GUATEMALA CITY — Researchers using a high-tech aerial mapping technique have found tens of thousands of previously undetected Mayan houses, palaces, fortifications, and pyramids in the dense jungle of Guatemala’s Peten region, suggesting that millions more people lived there than previously thought.
The discoveries, which also included highways and huge agricultural fields and irrigation canals, were announced last week by an alliance of US, European, and Guatemalan archeologists working with Guatemala’s Mayan Heritage and Nature Foundation.
The study estimates that 10 million people might have lived within the Maya Lowlands, meaning that kind of massive food production might have been needed.
‘‘That is two to three times more [inhabitants] than people were saying there were,’’ said Marcello A. Canuto, a professor of anthropology at Tulane University.
Researchers used a mapping technique called LiDAR, which stands for Light Detection And Ranging. It bounces pulsed laser light off the ground, revealing contours hidden by dense foliage.
The images revealed that the Mayans altered the landscape in a much broader way than previously thought; in some areas, 95 percent of available land was cultivated.
‘‘Their agriculture is much more intensive and therefore sustainable than we thought, and they were cultivating every inch of the land,’’ said Francisco Estrada-Belli, a research assistant professor at Tulane University, noting the ancient Mayas partly drained swampy areas for the purpose.
And the extensive defensive fences, ditch-and-rampart systems, and irrigation canals suggest a highly organized workforce.
‘‘There’s state involvement here because we see large canals being dug that are redirecting natural water flows,’’ said Thomas Garrison, assistant professor of anthropology at Ithaca College in New York.
In a separate development, the Egyptian Antiquities Ministry said Saturday that archeologists have discovered a 4,400-year-old tomb near the country’s famed pyramids at the Giza plateau just outside Cairo.
The tomb was found in a wider area of Giza’s western necropolis, which is known to be home to tombs from the Old Kingdom. It probably belonged to a priestess known as Hetpet, who archeologists believe was close to ancient Egyptian royals of the Fifth Dynasty.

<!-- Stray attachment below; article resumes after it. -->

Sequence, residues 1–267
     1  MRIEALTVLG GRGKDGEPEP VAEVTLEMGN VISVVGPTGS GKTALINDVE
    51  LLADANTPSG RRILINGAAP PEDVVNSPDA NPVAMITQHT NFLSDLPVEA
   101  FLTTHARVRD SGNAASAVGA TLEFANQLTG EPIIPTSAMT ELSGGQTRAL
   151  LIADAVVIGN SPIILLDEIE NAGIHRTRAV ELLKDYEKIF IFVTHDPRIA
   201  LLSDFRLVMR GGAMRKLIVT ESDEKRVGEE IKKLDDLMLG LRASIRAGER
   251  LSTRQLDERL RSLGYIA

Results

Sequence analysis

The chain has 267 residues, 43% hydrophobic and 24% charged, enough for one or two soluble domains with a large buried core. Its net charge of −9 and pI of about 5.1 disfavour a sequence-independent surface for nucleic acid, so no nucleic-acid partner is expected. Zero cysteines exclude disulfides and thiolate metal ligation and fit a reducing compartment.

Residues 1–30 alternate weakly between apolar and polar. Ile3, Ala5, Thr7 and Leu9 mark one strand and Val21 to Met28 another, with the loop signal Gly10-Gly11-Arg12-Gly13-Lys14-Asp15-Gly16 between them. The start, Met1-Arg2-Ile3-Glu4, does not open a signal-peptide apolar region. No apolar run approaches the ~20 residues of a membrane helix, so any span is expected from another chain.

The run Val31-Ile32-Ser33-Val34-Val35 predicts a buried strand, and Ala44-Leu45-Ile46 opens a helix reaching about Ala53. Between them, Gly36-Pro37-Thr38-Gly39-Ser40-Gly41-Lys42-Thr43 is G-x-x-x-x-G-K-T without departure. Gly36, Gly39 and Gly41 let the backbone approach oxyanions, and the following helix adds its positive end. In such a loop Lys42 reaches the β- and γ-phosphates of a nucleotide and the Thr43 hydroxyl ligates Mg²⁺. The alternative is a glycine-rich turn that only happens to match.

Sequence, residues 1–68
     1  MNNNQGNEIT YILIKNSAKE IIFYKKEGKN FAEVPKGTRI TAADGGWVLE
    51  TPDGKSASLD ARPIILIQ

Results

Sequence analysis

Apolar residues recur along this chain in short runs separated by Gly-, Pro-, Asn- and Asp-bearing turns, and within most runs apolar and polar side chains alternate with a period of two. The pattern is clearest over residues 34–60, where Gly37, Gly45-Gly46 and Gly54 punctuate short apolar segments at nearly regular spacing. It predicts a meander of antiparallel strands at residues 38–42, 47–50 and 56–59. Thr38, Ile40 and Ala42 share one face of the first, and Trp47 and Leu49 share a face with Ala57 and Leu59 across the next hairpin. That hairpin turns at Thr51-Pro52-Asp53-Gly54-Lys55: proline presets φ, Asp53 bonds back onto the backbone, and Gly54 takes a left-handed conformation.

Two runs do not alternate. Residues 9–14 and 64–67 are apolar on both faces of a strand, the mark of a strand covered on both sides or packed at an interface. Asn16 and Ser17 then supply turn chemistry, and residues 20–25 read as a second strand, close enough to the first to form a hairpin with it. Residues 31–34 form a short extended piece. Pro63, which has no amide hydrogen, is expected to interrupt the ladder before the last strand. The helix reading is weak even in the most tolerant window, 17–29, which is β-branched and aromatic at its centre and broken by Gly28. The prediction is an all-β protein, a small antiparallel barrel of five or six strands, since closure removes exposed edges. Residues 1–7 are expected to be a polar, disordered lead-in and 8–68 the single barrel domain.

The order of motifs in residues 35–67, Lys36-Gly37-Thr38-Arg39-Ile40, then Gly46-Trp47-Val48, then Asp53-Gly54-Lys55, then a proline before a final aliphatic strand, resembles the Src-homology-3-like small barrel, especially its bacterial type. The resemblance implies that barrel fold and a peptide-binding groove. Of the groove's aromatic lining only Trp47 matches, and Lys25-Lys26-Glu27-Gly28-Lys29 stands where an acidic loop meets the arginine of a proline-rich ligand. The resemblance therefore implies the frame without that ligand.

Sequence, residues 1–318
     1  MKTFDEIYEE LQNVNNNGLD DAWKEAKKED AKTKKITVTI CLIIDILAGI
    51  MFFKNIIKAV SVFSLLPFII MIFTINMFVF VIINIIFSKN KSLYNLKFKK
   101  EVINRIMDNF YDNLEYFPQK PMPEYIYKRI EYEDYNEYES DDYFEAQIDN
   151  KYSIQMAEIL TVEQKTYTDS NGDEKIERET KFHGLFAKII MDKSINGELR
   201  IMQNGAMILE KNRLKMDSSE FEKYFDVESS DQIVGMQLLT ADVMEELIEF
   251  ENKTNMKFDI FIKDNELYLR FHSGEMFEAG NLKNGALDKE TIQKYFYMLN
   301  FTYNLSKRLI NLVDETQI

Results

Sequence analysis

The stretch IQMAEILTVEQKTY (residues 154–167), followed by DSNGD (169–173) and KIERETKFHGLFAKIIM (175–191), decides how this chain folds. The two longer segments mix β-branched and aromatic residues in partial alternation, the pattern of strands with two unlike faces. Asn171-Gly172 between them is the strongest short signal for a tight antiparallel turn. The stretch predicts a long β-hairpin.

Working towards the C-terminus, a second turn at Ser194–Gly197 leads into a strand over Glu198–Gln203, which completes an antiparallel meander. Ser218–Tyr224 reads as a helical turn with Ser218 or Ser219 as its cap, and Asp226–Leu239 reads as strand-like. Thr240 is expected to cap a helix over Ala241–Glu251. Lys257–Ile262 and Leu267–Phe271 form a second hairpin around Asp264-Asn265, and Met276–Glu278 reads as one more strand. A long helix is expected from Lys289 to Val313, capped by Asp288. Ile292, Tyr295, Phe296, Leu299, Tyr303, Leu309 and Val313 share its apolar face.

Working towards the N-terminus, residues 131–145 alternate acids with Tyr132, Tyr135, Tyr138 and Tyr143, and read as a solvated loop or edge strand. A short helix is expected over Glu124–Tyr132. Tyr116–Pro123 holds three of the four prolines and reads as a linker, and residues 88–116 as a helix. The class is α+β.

The tomb, unveiled to the media Saturday, is made of mud brick and includes wall paintings in good condition depicting Hetpet observing different hunting and fishing scenes.
It was the latest of several recent archeological discoveries in Egypt that authorities hope will help revive the country’s staggering tourism sector. The area of the latest discovery is close to a new museum under construction that will house some of Egypt’s most unique and precious artifacts, including many belonging to King Tutankhamun.
Researchers hope to find more treasures from ancient Egypt buried under the vast desert, partly because of modern technology.
The 810 square miles of mapping done in Guatemala vastly expands the area that was intensively occupied by the Maya, whose culture flourished between approximately 1,000 BC and 900 AD. Their descendants still live in the region.
The mapping detected about 60,000 individual structures, including four major Mayan ceremonial centers with plazas and pyramids.
More than 800 square miles of the Maya Biosphere Reserve in Guatemala’s Petén region have been mapped, according to National Geographic, which will air a television special about the project Tuesday.
Garrison said this year he went to the field with the LiDAR data to look for one of the roads revealed. ‘‘I found it, but if I had not had the LiDAR and known that that’s what it was, I would have walked right over it because of how dense the jungle is.’’
Garrison noted that unlike some other ancient cultures, whose fields, roads, and outbuildings have been destroyed by subsequent generations of farming, the jungle grew over abandoned Maya fields and structures, both hiding and preserving them.
‘‘In this the jungle, which has hindered us in our discovery efforts for so long, has actually worked as this great preservative tool of the impact the culture had across the landscape,’’ noted Garrison, who worked on the project and specializes in the city of El Zotz, near Tikal.
LiDAR revealed a previously undetected structure between the two sites that Garrison says ‘‘can’t be called anything other than a Maya fortress.’’
‘‘It’s this hill-top citadel that has these ditch and rampart systems . . . when I went there, one of these things is 9 meters tall,’’ he noted.
In a way, the structures were hiding in plain sight.
‘‘As soon as we saw this we all felt a little sheepish,’’ Canuto said of the LiDAR images, ‘‘because these were things that we had been walking over all the time.’’